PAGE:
ACCC rules against tobacco company collaboration
By Andy Young
The Australian Competition and Consumer Commission (ACCC) has denied authorisation for the three major tobacco companies, British American Tobacco, Imperial Tobacco and Philip Morris, to jointly cease supplying retailers or wholesalers they consider to be supplying illicit tobacco.
The three companies supply over 90 per cent of the tobacco products in Australia, including all major brands, and had applied to the ACCC for authorisation to boycott suspect retailers, arguing that there would be public benefits from increasing the collection of excise from legal tobacco, reducing sales of tobacco without the required health warnings, and benefitting retailers who stock legal tobacco by reducing competition from sales of illicit products.
However, the ACCC rejected the claim, with Chairman Rod Sims saying: “This kind of interaction between all of the major competitors raises competition concerns, especially in such a highly concentrated market.
““The ACCC doesn’t consider that there would be a net public benefit in giving the three dominant tobacco companies immunity for information sharing and joint boycotts of retailers.”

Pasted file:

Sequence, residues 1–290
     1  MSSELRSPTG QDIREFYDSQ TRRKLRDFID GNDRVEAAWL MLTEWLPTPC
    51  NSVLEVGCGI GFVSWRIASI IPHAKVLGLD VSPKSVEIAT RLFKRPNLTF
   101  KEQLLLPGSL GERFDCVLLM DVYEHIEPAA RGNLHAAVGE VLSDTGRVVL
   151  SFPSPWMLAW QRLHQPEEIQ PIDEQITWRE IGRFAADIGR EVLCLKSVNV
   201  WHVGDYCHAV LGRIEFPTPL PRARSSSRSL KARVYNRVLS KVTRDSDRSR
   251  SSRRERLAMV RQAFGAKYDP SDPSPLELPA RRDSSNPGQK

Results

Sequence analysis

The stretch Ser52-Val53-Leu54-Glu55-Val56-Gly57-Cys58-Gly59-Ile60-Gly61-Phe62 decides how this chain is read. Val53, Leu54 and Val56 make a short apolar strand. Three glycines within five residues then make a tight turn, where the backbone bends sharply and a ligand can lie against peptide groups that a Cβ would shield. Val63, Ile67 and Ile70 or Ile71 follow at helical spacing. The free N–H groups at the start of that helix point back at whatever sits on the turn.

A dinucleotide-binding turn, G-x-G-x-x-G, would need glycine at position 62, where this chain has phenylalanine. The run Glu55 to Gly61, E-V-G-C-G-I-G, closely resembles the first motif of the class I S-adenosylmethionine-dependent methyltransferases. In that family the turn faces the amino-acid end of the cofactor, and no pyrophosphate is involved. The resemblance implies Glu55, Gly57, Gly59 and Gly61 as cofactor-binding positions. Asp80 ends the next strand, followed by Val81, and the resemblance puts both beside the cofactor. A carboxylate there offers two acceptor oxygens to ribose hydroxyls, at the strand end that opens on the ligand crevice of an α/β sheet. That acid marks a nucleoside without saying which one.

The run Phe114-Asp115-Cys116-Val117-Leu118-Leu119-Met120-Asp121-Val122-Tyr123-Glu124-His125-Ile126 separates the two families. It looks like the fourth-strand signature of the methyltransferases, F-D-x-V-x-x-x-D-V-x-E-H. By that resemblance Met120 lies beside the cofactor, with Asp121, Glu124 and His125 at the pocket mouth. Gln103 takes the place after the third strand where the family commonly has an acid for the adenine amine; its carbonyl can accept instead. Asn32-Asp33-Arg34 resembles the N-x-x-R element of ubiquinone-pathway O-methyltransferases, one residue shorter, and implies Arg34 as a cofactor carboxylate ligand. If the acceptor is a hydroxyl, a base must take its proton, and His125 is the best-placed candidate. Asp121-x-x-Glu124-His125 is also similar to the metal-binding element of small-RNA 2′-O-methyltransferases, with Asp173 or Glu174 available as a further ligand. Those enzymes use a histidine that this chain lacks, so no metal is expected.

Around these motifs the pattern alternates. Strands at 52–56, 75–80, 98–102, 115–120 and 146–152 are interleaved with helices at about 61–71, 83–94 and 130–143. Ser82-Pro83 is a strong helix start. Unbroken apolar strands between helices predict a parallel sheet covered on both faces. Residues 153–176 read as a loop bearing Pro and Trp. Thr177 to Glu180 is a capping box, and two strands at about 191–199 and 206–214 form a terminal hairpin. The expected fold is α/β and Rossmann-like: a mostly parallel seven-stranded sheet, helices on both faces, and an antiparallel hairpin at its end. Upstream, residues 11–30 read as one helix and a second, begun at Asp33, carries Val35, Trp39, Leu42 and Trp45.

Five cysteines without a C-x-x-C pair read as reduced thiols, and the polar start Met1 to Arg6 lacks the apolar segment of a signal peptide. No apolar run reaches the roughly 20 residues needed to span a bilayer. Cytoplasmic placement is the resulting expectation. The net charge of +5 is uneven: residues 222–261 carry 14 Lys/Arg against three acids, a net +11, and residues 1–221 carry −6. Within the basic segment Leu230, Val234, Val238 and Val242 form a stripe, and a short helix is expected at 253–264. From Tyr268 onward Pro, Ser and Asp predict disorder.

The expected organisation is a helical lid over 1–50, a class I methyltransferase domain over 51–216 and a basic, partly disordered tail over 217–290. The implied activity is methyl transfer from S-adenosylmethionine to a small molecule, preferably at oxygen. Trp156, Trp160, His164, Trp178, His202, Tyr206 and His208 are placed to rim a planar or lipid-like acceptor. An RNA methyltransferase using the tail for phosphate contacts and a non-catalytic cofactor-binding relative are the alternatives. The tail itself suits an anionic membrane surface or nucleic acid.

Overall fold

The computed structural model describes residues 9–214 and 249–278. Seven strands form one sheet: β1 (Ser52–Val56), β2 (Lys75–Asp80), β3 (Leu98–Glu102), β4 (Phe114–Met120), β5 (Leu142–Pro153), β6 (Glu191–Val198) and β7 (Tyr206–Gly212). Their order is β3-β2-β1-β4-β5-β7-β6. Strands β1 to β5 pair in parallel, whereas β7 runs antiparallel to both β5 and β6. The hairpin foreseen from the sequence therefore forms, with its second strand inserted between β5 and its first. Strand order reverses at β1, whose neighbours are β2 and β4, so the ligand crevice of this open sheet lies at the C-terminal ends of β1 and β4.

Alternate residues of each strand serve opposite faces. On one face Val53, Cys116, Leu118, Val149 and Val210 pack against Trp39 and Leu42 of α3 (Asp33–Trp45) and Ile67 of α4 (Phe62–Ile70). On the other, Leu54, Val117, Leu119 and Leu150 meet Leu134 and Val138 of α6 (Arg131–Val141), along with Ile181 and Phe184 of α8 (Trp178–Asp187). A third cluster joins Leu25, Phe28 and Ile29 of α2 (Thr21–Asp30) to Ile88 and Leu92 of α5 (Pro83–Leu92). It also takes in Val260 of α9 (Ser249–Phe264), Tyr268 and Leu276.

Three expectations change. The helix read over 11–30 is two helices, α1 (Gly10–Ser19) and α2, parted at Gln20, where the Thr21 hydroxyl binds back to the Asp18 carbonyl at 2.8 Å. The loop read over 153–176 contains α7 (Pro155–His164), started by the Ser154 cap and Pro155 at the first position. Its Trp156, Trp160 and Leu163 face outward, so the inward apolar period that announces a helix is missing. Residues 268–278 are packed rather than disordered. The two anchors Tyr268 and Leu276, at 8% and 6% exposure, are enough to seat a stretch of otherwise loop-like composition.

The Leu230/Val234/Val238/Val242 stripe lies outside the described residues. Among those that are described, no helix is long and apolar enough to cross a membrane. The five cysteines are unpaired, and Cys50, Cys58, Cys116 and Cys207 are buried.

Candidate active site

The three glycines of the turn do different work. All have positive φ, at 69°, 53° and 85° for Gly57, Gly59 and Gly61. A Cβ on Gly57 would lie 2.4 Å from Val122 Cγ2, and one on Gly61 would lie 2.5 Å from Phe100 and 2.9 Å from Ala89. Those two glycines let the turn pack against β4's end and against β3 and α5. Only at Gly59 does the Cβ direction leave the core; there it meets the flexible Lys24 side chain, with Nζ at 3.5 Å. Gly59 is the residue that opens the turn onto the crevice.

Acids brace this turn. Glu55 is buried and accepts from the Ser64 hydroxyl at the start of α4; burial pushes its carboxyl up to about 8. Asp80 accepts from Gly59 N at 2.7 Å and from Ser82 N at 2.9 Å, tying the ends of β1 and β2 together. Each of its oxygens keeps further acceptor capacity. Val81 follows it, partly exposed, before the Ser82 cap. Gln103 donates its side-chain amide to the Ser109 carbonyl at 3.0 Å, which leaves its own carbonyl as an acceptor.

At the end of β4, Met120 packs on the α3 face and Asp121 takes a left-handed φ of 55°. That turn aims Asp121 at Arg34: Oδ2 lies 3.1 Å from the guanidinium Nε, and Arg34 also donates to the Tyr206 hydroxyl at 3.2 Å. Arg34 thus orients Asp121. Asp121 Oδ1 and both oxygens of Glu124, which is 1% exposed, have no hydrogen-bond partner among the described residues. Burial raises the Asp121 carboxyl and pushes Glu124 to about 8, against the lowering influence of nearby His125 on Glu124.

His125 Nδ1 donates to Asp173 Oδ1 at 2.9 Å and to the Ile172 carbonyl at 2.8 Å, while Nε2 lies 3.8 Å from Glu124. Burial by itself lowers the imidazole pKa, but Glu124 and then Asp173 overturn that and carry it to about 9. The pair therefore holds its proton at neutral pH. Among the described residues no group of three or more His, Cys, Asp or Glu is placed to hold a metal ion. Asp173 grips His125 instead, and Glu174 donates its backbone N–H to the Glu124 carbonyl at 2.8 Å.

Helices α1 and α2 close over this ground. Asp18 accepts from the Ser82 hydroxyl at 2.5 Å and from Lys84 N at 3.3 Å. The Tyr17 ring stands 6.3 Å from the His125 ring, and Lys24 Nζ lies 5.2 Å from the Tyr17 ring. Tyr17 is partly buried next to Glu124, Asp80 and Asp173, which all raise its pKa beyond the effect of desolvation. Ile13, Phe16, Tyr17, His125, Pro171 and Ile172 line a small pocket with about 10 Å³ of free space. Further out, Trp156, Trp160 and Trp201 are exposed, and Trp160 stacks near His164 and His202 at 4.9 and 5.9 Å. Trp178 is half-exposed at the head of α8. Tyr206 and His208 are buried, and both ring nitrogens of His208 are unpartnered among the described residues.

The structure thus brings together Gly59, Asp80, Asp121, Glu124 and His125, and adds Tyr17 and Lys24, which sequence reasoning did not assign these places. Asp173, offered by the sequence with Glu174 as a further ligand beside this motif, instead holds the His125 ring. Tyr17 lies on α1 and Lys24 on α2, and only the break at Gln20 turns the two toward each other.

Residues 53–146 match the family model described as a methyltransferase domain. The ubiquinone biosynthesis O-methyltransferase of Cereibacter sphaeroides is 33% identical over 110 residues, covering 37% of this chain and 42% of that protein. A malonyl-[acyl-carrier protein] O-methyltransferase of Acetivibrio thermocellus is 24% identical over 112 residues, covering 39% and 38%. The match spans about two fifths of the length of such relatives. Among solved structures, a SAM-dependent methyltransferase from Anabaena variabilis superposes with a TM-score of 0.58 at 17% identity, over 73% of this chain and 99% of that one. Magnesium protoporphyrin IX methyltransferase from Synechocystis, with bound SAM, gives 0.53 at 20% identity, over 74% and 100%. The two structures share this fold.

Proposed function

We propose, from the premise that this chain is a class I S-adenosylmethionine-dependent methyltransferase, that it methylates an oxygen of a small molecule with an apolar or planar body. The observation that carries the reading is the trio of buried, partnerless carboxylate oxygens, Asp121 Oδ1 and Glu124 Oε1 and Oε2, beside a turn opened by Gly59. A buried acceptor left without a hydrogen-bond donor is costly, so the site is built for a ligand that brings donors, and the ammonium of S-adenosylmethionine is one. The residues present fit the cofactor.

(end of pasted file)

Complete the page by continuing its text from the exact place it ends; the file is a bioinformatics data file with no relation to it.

He added: “While any reduction in sales of illicit tobacco is welcome, the ACCC considers that the proposed conduct would have limited effectiveness,” said Mr Sims.
“To the extent that ceasing supply is effective, these companies can already achieve much of this effect by doing this on an individual basis without any requirement for ACCC authorisation.”
The ACCC also said it was concerned that these arrangements would give the tobacco companies a quasi-regulatory role, which may be inconsistent with the World Health Organisation Guidelines for implementation of Australia’s obligations under international agreements about tobacco control.